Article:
I got a couple of emails last week and posts on my Facebook page in response to my blog post last week on avoiding burnout. Interestingly enough, the item they focused in on was meditation. Continuing a conversation I was having with my friend Scott, we talked about burnout in relationship to having the right job.
Wait, what is Right Livelyhood and is this something you should care about? And how does this relate to working for J. Patrick + Associates?
Interestingly enough, it counts a lot. My job is to promote jobs and connect people to their next career move. I mean, my job is to get people jobs, can't get more right than that, or can it? The other thing I love about my job working with Dan Sullivan and the gang is that I love my co-workers. The environment at J. Patrick + Associates is a very positive one. We are friendly, respectful and communicate with one and other with the same care we offer to our clients and candidates. It says a lot to love going into work, and I gotta say, I really love my job.
But she didn't answer the question, what is Right Livelyhood? Well, let me offer you the Cliff's Notes version of Buddhism 101. Over 2500 years ago, the Buddha walked the earth, saw all the suffering in the world and came up with the First Noble Truth;
In life there is suffering.
In other words, Life Sucks! Bummer. So he walked around, starved himself, tortured himself, sat still and meditated under trees until one day, he had an epiphany.... there is a way out of this suffering and that way includes walking the Eightfold Path. There are steps one must take to find happiness and one of them is this idea of Right Livelyhood. Ok, they didn't have high technology jobs back in those days, so how does this pertain to you and me?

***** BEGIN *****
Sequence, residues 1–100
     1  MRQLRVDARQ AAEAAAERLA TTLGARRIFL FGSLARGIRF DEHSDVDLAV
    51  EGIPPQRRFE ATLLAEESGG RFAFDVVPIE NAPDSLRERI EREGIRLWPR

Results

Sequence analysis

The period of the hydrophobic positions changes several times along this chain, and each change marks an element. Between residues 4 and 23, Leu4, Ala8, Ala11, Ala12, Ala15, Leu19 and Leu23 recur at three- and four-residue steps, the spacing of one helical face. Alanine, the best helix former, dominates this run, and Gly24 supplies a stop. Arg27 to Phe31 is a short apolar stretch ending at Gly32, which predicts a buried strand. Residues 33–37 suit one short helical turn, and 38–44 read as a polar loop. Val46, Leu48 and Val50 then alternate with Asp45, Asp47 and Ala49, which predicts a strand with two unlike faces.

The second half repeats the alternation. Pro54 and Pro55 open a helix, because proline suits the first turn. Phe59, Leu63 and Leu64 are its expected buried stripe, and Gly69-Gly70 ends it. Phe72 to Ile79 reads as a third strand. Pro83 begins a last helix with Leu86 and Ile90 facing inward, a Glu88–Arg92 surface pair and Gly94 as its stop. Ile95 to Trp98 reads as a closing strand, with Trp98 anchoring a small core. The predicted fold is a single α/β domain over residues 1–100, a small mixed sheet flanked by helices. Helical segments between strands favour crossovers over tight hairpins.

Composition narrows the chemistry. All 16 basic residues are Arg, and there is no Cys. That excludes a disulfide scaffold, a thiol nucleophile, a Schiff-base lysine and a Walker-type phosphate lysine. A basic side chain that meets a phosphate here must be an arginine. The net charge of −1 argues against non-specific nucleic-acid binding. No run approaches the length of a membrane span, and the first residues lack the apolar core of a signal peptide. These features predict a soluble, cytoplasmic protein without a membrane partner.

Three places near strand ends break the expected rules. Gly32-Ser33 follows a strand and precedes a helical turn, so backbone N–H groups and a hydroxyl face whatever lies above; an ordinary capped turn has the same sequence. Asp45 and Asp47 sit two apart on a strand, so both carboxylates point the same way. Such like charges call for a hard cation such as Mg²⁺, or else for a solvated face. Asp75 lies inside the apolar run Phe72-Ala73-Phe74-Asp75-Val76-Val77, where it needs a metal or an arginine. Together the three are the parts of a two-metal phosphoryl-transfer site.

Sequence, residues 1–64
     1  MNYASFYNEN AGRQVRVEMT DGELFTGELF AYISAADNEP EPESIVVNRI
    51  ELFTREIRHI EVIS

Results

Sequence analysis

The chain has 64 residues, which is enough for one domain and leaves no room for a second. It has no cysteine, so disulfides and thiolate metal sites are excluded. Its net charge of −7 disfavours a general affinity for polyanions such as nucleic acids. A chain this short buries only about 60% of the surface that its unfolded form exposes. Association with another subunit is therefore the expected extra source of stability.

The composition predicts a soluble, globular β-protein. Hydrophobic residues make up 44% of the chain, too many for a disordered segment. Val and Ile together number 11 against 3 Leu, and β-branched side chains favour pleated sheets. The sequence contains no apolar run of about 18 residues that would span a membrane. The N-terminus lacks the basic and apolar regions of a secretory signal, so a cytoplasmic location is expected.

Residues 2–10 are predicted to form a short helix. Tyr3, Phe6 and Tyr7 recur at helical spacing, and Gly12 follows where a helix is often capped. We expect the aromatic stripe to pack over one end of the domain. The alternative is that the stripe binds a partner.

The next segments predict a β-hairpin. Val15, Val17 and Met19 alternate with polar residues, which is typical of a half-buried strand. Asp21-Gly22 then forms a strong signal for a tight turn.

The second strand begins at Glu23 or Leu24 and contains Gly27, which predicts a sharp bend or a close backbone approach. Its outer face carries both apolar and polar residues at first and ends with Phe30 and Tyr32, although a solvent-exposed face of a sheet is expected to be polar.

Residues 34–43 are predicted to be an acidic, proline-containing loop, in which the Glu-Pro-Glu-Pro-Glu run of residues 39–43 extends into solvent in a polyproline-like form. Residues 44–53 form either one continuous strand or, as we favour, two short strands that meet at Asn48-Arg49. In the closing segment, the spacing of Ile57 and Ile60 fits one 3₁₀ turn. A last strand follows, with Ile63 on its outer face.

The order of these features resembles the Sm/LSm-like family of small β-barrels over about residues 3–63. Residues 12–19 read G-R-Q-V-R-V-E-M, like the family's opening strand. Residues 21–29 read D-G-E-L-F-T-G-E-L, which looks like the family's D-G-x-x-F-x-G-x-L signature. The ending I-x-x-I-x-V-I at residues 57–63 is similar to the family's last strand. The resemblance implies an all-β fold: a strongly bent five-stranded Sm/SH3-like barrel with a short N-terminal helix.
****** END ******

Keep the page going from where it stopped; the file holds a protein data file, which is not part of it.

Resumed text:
The Buddha's definition of Right Livelihood basically says to not engage in employment that causes harm. Not so easy in this day and age. Just working in a big office means we're causing harm to the environment by shredding up tons of paper, making waste, powering up loads of computers and big lighting fixtures, dumping chemicals into the environment and working with people who aren't always honest and respectful of one and other.
And let's face it, many of us in technology are creating products for a host of uses and not all of them fit into the Buddha's interpretation of right livelihood. But hey, not all of us are Buddhists either. Right?
But coming from a spiritual perspective, I believe you personally deserve to work in a job that is healthy for your well-being. Not only should your career bring you some kind of financial security, but it should also generate a sense of purpose and be an environment that is positive. In the Technology sector, most of us work extra long hours, get heavily involved in the corporate culture and have a higher level of intelligence to contend with.